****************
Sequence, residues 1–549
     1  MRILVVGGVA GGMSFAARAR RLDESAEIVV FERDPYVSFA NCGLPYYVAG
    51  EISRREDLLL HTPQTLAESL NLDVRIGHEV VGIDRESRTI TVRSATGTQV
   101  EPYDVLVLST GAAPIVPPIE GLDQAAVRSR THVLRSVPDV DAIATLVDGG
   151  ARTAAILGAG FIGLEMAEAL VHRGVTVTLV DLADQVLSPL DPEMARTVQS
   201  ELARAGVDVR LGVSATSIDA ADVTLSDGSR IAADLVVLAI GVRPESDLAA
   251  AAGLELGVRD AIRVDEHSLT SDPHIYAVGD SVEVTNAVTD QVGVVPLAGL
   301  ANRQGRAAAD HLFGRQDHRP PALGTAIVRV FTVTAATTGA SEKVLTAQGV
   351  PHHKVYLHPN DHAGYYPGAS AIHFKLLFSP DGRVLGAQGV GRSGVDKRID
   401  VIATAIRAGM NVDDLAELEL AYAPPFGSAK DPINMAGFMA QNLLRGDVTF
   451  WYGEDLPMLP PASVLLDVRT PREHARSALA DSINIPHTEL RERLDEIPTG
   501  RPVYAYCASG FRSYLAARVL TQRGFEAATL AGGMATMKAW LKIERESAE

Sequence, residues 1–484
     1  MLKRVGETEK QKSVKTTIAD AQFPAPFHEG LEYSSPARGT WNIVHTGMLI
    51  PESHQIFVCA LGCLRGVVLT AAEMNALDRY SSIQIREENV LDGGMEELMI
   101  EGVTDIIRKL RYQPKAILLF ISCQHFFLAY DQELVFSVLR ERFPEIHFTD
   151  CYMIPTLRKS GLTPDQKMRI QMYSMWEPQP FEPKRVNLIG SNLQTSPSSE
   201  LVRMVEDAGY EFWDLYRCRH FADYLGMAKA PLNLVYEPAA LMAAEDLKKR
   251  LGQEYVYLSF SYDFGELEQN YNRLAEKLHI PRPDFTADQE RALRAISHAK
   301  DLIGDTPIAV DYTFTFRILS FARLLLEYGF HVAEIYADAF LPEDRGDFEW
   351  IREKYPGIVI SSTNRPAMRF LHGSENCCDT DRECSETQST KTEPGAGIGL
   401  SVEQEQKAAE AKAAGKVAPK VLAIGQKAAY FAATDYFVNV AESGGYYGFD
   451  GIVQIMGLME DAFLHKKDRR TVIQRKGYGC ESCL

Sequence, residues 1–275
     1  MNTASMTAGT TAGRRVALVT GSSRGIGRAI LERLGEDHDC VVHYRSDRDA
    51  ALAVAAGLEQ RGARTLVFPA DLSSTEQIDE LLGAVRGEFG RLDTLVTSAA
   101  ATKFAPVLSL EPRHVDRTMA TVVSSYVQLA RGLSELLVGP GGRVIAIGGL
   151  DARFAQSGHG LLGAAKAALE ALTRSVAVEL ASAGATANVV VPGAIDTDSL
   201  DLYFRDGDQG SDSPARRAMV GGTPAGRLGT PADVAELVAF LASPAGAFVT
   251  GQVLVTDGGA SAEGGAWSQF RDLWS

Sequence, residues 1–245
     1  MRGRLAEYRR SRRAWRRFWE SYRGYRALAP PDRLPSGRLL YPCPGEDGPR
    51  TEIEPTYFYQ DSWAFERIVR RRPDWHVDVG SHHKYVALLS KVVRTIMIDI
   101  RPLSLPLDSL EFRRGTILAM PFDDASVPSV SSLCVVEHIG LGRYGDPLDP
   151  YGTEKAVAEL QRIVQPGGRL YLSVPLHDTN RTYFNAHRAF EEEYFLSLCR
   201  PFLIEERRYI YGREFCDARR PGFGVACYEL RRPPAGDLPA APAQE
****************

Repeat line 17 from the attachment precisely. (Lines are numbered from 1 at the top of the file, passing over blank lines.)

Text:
   151  CYMIPTLRKS GLTPDQKMRI QMYSMWEPQP FEPKRVNLIG SNLQTSPSSE